Then he got redistricted.
Based on census data completed during West's term, Florida's Republican-led statehouse redrew the lines of West's district. Because the new map hurt his chances for reelection, some of West's Tea Party supporters smelled a Romney plot to blunt a conservative insurgency in the Sunshine State. After losing a close election to Democrat Pat Murphy, West stayed busy giving paid and unpaid speeches before signing with Fox in May. He is now awaiting the outcome of a lawsuit to redistrict the state yet again, this time along tracks that could grease his return to Congress. (Ironically, the suit has been filed by a coalition led by the League of Women Voters that allege the redistricting of 2012 benefited the GOP.)
"There's a chance the courts will redraw the districts this summer in a way more suited to West's support, at the expense of so-called 'access' districts like [Florida Democrat] Alcee Hastings' district," says an influential Tallahassee-based consultant for Republican candidates. "We have August 26 primaries. If the courts redraw them in June or July, then you have a sprint to run for Congress. If you're on Fox News and have a funding network to tap immediately, and you're not that far from being an incumbent, those are all built-in advantages for Colonel West. That's why he's keeping his powder dry."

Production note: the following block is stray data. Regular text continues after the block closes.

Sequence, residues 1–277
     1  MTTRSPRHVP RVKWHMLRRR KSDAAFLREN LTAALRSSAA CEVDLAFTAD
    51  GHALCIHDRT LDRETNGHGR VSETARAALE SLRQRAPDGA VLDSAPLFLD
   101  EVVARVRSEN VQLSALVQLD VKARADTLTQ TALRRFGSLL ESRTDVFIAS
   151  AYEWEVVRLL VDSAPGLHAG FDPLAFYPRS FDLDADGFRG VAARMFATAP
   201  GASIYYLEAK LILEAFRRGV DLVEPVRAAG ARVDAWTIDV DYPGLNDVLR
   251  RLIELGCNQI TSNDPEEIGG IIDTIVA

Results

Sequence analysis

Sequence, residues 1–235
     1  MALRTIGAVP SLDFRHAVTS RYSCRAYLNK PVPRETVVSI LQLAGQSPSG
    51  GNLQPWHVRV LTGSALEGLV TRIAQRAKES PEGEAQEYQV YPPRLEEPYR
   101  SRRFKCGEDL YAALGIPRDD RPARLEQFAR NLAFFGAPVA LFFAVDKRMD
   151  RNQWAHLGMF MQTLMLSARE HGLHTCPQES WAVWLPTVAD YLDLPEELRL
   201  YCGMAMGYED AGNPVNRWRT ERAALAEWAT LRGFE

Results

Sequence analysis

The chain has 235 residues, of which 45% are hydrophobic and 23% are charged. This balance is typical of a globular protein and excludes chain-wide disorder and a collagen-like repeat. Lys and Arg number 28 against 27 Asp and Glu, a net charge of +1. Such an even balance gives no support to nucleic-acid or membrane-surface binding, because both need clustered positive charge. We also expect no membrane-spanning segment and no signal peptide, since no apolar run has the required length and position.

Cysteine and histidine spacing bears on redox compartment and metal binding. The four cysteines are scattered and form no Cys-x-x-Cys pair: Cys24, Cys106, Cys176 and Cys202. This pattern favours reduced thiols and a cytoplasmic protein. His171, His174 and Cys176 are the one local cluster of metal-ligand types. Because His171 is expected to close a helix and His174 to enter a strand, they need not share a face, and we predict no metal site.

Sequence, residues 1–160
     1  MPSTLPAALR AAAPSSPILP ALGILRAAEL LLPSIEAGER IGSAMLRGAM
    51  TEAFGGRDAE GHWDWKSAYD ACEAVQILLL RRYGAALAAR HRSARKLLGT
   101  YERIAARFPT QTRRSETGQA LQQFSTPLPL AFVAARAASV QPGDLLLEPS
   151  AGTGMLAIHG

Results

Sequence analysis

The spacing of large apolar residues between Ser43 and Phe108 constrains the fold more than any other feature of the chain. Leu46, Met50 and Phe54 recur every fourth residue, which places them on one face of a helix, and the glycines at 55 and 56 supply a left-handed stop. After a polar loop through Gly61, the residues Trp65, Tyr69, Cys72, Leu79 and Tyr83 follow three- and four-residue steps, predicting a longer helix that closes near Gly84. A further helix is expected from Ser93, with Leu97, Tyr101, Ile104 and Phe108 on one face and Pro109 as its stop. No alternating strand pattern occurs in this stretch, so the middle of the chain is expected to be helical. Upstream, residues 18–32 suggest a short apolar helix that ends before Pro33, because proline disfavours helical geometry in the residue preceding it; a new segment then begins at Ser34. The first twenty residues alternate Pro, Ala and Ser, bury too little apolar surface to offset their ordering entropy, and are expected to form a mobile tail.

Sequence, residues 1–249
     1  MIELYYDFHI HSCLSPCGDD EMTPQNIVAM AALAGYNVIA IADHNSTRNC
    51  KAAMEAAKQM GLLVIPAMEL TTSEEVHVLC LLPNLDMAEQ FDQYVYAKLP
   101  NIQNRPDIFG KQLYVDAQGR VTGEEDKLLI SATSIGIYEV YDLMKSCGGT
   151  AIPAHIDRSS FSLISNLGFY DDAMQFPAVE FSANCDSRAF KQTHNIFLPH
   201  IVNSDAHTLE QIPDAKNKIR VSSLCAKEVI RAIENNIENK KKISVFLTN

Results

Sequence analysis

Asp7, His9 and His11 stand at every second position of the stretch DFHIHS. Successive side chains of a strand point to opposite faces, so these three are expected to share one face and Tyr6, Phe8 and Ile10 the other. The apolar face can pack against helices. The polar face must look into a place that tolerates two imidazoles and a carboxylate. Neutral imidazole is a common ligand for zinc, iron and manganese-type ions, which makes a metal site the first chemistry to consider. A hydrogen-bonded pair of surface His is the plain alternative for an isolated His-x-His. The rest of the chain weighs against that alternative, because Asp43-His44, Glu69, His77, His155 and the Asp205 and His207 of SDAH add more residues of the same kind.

Those same advantages apply to West's more fanciful national ambitions.
"The Fox News profile helps among the most partisan people you'd want to reach this early in the process," says the consultant. "It gives him a base with which he can work if he decides to compete in the 2016 primaries."
"His role at Fox gives him an ability to get his word out without having to pay for it," says April Schiff, president of the Tampa-based conservative consultancy, Strategic Solutions of Florida. "It's the same thing with incumbents, they're the ones in the news."
Even with the benefits that come with a perch at Fox, some local observers think his moment has passed, both inside Florida and nationally.
"Allen West will be a minor player," says Tedd Webb, a veteran radio host at WFLA in Tampa. "He's not much among moderates and I don't see him bouncing back to being Florida's right wing hero."